The majority of medical literature attributes seborrheic dermatitis to the malassezia fungi. As a result, antifungals are currently the most common treatment approach as defined in recent medical and dermatological text-books.
The main focus of all topical anti-fungal products is to inhibit fungi on the skin’s surface. However, recent advances in the understanding of skin biology question their effectiveness .
Many of the most popular anti-fungals appear to exhibit a variety of other beneficial effects on seborrheic dermatitis. Here are just a few examples:
- Ketoconazole has been shown to alter gene expression and suppress the skins inflammatory response 
- Zinc Pyrithione can up-regulate stress response gene expression in keratinocytes and effect genomic stability 
- Selenium sulfide may have a toxic effect on keratinocytes, reducing the rate of cell division 
In addition to this, a recent small-scale study failed to demonstrate ketoconazole’s (shown to have some of the strongest anti-malassezia activity in a lab) effectiveness on malassezia reduction outside of the lab .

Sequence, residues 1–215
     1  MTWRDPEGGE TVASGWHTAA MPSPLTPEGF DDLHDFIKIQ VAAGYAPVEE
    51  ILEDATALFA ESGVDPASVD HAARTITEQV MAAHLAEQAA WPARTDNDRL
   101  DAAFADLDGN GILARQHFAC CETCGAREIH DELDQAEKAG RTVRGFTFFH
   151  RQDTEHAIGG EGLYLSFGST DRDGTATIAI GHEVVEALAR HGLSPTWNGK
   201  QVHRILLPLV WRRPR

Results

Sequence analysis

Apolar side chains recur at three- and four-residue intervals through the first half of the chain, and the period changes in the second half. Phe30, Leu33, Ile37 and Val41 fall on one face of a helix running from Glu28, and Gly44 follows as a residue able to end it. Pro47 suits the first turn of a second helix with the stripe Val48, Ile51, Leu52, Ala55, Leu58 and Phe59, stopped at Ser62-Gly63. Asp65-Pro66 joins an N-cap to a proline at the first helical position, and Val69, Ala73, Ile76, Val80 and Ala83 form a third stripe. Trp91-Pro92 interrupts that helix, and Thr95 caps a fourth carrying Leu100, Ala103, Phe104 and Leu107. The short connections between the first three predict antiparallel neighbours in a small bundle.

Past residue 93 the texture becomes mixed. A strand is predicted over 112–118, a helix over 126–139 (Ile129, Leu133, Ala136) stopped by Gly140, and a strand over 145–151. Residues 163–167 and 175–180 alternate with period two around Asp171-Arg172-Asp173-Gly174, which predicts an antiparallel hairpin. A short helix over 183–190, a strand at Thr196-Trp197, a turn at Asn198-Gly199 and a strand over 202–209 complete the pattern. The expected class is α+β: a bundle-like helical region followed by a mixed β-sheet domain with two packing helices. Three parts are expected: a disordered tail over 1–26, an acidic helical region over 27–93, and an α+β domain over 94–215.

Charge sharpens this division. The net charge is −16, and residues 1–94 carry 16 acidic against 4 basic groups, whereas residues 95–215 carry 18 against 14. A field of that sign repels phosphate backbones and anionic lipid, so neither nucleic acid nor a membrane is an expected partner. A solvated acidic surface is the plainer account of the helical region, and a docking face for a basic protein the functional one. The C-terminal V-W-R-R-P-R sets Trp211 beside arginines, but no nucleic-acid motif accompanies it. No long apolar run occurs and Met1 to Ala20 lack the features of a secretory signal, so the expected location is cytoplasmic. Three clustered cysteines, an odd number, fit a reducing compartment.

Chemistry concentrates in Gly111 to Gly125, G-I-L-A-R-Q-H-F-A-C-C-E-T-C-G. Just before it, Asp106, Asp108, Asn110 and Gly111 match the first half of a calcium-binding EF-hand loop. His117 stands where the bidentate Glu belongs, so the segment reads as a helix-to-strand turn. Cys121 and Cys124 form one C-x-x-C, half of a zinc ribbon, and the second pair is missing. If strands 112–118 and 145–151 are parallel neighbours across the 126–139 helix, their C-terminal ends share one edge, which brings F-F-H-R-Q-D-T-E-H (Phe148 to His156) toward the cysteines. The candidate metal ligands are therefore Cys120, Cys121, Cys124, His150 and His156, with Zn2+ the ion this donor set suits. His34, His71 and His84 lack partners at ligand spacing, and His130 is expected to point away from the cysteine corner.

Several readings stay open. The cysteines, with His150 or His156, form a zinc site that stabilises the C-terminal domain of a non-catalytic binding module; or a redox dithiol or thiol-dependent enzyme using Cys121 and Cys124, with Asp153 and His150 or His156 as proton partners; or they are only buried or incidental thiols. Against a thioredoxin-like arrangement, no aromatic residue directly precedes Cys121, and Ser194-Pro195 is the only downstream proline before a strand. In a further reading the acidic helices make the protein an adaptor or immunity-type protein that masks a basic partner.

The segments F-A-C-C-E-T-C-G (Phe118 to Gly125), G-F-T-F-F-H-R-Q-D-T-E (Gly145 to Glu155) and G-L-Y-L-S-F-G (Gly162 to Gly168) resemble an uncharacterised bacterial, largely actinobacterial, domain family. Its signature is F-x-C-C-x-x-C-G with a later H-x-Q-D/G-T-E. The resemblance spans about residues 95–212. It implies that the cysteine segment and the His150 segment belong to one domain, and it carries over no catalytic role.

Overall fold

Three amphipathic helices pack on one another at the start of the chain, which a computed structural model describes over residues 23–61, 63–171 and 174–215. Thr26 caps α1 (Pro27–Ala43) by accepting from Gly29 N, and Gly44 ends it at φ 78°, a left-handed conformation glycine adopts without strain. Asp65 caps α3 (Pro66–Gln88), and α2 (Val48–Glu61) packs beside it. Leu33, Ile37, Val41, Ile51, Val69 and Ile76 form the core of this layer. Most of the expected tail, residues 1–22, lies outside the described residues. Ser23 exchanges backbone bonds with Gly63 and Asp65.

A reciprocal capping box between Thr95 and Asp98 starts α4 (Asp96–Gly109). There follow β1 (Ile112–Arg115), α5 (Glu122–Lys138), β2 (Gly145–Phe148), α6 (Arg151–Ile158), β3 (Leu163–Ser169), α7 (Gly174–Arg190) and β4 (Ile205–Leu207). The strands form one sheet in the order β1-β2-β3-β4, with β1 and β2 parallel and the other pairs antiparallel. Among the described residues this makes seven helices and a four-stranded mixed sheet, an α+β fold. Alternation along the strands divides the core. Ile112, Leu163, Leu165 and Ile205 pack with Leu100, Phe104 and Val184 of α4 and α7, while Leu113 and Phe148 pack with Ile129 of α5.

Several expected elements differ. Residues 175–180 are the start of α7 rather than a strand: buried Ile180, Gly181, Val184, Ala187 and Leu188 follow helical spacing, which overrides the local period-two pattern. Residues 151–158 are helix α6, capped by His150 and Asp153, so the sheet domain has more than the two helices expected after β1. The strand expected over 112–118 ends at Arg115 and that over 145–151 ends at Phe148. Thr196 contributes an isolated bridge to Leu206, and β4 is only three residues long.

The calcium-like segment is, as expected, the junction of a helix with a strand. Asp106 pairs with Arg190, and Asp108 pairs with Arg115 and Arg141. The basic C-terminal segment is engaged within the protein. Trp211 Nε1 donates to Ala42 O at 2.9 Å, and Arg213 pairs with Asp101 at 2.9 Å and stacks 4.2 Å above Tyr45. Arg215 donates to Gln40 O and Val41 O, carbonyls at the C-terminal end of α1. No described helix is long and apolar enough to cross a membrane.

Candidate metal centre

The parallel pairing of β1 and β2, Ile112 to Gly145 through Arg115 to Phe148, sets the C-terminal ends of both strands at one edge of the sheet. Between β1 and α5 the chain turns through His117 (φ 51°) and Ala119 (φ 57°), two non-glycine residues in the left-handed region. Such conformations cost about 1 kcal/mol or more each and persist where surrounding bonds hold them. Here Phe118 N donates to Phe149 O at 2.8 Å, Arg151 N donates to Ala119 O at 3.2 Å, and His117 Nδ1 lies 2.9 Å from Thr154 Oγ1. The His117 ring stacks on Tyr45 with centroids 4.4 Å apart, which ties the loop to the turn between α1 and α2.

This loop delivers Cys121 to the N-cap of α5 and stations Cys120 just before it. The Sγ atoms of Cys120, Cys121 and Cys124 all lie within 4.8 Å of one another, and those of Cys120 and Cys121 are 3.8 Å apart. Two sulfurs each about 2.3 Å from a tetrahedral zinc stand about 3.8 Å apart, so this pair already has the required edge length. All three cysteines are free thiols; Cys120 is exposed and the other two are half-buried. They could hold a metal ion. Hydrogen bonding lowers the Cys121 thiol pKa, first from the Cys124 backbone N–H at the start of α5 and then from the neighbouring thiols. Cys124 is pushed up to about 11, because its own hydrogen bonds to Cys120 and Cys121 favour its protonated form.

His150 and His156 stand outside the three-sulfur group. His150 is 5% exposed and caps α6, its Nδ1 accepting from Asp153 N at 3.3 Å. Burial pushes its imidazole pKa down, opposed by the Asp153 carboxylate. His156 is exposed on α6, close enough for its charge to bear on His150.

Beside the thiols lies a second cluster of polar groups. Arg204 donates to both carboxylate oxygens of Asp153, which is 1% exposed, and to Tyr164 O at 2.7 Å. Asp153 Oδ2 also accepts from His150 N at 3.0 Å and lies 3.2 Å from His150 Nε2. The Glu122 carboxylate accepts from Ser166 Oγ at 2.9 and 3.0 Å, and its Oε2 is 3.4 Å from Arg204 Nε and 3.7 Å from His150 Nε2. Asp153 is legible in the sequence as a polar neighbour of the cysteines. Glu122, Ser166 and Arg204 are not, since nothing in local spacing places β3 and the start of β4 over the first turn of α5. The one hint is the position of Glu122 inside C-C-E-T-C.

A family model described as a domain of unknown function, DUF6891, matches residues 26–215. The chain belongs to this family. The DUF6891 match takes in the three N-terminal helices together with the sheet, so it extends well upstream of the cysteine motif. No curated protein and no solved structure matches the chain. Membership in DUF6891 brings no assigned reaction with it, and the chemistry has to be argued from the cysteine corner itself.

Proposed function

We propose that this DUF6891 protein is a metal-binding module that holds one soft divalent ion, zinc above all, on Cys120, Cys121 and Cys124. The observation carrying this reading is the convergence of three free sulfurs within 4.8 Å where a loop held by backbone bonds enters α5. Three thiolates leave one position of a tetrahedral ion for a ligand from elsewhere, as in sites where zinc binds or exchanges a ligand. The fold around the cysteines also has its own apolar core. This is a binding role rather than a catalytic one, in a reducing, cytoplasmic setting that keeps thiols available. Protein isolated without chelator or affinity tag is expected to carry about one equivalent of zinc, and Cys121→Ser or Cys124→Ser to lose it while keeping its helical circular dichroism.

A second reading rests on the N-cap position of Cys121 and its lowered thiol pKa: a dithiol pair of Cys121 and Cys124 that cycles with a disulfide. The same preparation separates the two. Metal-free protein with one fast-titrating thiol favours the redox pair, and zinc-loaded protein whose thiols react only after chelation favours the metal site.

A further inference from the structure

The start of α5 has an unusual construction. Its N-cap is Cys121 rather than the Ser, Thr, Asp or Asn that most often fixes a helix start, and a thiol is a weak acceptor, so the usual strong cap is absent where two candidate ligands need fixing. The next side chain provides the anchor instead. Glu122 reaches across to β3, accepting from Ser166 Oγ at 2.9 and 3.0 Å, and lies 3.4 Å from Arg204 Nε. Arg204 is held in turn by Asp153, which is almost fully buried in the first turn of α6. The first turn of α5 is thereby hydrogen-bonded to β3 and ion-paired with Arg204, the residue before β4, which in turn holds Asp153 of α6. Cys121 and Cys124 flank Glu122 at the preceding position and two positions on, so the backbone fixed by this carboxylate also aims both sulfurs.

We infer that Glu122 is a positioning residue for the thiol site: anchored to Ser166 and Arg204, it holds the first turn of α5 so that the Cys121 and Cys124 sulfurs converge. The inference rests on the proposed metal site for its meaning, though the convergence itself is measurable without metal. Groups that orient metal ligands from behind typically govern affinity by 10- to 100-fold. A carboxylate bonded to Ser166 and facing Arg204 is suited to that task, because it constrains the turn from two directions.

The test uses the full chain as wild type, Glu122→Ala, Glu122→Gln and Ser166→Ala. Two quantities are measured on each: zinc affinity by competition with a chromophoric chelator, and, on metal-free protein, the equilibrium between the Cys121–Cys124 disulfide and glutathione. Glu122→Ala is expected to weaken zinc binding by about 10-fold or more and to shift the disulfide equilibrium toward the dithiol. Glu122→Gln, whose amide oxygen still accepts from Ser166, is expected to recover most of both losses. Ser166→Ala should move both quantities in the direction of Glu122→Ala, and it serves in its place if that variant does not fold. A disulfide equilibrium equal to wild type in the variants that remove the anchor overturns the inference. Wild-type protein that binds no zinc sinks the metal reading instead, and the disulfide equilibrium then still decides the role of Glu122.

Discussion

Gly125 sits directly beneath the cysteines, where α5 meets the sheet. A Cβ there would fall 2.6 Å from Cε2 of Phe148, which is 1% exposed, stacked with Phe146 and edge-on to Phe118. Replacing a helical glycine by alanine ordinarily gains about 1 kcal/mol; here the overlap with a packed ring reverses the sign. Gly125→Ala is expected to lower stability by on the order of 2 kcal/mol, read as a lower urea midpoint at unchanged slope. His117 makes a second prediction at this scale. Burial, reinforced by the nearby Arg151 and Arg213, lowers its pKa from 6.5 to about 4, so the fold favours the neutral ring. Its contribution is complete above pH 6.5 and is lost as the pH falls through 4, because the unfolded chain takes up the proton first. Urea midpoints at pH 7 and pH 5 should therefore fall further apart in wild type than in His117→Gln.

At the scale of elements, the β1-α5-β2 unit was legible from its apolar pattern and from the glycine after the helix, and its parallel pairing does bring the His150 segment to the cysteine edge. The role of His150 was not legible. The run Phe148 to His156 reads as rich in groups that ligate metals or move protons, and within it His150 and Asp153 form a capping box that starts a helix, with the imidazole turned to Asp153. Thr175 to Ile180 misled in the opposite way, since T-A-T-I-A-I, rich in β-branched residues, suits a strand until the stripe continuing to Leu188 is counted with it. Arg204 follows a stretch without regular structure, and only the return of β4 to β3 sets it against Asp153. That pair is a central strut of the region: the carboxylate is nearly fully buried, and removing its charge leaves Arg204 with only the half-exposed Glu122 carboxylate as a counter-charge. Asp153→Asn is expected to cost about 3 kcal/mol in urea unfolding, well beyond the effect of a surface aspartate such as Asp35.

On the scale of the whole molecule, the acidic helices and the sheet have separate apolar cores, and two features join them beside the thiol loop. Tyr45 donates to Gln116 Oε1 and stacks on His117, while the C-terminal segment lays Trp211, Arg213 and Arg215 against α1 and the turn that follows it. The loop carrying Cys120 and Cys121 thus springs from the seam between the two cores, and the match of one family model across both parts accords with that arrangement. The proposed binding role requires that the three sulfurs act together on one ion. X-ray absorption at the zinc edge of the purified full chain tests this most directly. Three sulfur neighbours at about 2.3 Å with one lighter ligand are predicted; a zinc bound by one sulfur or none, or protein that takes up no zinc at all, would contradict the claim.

These facts considered together cast some uncertainty on the actual role these antifungals play in seborrheic dermatitis relief.
What about internal anti-fungals?
Some researchers have also examined the usage of internal anti-fungals. This approach has a greater possibility of complications and is discussed in later in the Treatments on the Horizon section.
Nonetheless, anti-fungals are currently the most recommended approach to seborrheic dermatitis by the medical community. As a result, it helps to understand how they work and what we can expect from treatment.
This section will examine each anti-fungal agent in significant detail. How they work, possible complications, and an overview of the latest research. Examined anti-fungals include:
Shown to have some of the strongest anti-malassezia activity
Less potent then ketoconazole, but very commonly prescribed
- Zinc Pyrithione
Popular over the counter treatment choice for dandruff
- Selenium Sulfide
Commercially developed alternative to sulfur
One of the most common broad anti-fungals available today
- Coal Tar
Long history of use for various skin conditions
Even if you are not considering treating seborrheic dermatitis with anti-fungals it may still be worthwhile to quickly scan through each one’s summary to further build your overall knowledge of the skin condition.
This section can be read in any order you wish and can serve as great reference material.